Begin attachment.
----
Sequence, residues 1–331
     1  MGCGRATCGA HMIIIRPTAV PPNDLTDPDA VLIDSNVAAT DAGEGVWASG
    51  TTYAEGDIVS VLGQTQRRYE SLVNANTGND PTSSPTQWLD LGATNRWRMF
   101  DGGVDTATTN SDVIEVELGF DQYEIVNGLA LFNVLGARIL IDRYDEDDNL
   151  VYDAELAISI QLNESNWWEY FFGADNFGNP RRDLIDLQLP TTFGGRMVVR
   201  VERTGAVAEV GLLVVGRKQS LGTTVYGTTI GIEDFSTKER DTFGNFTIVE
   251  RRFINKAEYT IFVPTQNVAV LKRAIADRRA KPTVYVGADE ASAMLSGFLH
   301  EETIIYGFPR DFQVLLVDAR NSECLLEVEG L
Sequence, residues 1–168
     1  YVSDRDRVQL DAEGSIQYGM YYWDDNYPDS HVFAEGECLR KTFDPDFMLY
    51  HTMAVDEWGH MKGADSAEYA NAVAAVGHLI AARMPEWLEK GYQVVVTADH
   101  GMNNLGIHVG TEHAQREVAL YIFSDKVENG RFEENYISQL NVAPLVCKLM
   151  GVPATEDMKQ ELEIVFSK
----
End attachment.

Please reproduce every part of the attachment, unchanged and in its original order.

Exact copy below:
Sequence, residues 1–331
     1  MGCGRATCGA HMIIIRPTAV PPNDLTDPDA VLIDSNVAAT DAGEGVWASG
    51  TTYAEGDIVS VLGQTQRRYE SLVNANTGND PTSSPTQWLD LGATNRWRMF
   101  DGGVDTATTN SDVIEVELGF DQYEIVNGLA LFNVLGARIL IDRYDEDDNL
   151  VYDAELAISI QLNESNWWEY FFGADNFGNP RRDLIDLQLP TTFGGRMVVR
   201  VERTGAVAEV GLLVVGRKQS LGTTVYGTTI GIEDFSTKER DTFGNFTIVE
   251  RRFINKAEYT IFVPTQNVAV LKRAIADRRA KPTVYVGADE ASAMLSGFLH
   301  EETIIYGFPR DFQVLLVDAR NSECLLEVEG L
Sequence, residues 1–168
     1  YVSDRDRVQL DAEGSIQYGM YYWDDNYPDS HVFAEGECLR KTFDPDFMLY
    51  HTMAVDEWGH MKGADSAEYA NAVAAVGHLI AARMPEWLEK GYQVVVTADH
   101  GMNNLGIHVG TEHAQREVAL YIFSDKVENG RFEENYISQL NVAPLVCKLM
   151  GVPATEDMKQ ELEIVFSK